Friday, October 29, 2010

I Need To Recharge My Batteries Today and Other Battery Strategies

Good Afternoon Everybody,

0629MP-1273-DZ_IMG_1074 We're getting ready for a big Bat Mitzvah this weekend and need to begin at 7:30 a.m tomorrow morning - a pretty early wake up call for all of us. I photographed Olivia's sister's Bat Mitzvah about two years ago so it will be fun hanging out with the family again this weekend.

I have to say, I still enjoy photographing Bar and Bat Mitzvah's. I enjoy watching these young 13 year olds marking their rite of passage into Jewish adulthood. Their year long preparation really pays off as you see them so poised up on the bimah being "Rabbi for the day" to the entire congregation.

And, in the evening, it's always a hoppin' party of the kids and adults enjoying a really good time. Yep, it will be a long day tomorrow but still a fun one.

I Need To Recharge My Batteries Today and Other Battery Strategies

Apple chargerI decided to write today’s post based on a press release I saw recently about Apple announcing their brand new AA battery recharger [link] which is shipped with 6 Ni-MH batteries.  So what’s  the big deal about a new battery charger.  Apple is positioning this new product as a way to constantly be ready to power up a device like a mouse pad, keyboard, etc. once the batteries die – 2 batteries in the keyboard, 2 in the mouse pad, and 2 in the charger.

Now the nice thing about their charger is that once the batteries are charged, the charger drops to a “trickle” charge thereby saving energy and a few cents off your electric bill. The downside for me is that the charger takes about 6-7 hours to recharge the depleted batteries – way to long for me.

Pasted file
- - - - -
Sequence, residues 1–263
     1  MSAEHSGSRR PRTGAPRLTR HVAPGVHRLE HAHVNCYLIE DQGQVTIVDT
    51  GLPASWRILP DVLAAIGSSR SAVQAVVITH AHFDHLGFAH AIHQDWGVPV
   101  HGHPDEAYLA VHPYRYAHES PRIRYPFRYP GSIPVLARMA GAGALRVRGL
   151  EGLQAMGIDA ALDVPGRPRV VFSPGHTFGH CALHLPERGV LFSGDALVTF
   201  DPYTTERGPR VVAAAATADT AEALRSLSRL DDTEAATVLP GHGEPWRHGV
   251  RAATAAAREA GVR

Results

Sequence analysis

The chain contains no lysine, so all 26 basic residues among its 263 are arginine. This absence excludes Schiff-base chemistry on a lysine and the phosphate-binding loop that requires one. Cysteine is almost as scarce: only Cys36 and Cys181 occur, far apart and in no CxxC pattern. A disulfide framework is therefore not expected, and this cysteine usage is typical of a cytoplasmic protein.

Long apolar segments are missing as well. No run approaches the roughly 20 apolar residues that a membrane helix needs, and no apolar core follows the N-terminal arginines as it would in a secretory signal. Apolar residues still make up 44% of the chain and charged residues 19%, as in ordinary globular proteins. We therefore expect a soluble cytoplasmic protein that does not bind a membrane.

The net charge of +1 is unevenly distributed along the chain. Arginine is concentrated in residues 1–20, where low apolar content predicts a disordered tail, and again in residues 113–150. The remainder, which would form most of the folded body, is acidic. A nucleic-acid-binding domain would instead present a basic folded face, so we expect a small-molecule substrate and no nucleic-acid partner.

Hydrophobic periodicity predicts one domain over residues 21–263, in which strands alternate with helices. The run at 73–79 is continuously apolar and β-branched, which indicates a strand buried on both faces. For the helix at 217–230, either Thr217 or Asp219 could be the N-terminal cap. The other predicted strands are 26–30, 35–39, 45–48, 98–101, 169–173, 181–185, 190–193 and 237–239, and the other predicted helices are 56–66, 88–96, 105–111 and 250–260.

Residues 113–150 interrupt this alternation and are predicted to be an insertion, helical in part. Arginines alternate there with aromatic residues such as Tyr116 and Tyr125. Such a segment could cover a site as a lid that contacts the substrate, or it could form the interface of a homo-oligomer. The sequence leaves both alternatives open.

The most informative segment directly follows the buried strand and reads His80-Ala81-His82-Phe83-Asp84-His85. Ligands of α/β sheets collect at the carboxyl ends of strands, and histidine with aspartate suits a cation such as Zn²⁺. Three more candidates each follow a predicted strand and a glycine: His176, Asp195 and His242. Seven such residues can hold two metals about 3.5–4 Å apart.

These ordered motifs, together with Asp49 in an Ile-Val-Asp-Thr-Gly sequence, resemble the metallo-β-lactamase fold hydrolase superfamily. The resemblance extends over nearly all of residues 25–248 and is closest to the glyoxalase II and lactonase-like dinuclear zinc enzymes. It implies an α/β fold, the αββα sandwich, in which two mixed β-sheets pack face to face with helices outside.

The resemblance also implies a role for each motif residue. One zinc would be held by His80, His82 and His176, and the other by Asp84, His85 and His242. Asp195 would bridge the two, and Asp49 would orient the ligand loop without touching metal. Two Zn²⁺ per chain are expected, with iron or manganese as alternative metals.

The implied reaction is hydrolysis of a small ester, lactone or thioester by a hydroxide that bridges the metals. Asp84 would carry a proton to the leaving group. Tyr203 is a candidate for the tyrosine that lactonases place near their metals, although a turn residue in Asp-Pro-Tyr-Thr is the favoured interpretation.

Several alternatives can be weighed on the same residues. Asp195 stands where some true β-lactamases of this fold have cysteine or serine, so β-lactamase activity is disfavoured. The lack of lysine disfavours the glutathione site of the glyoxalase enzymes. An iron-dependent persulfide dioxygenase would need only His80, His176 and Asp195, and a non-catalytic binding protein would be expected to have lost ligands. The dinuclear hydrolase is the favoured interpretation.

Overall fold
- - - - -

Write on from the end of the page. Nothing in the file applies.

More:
Anyway, that’s what got me thinking about today’s post an the battery strategies we use around my studio. So what kind of batteries do you use in your shoe mount strobes?

Energizer chargerI’ve been using good ol’ Energizer rechargeable batteries [link] since I started shooting digital 10 years ago. I usually pick them up at Sam’s Club.  I like the fact that the first sets I picked up came with a 15 minute rapid charger.

The downside of the Energizer batteries is that they only last me about two years and then I need to replace them.  The other downside is that they are NiCad batteries and will begin losing their charge once they come off the charger. I usually charge them up the day of the event and then pack the charger with me just in case I need it, which, BTW is not too often. One set usually lasts me the entire day of shooting.

Enelope batteries Is there a better battery solution available.  I think so, I’ve just been kind of lazy to switch.  The better battery is the Ni-MH battery.  Here is the good news – they hold their charge much, much, much better over the NiCad batteries. Check out the accompanying chart to get an idea how long.

The hot Ni-MH batteries have always been the Sanyo eneloop batteries [link]. And, guess what? They’re even cheaper than the Energizer batteries by about $2 at Amazon. I really do need to make the switch.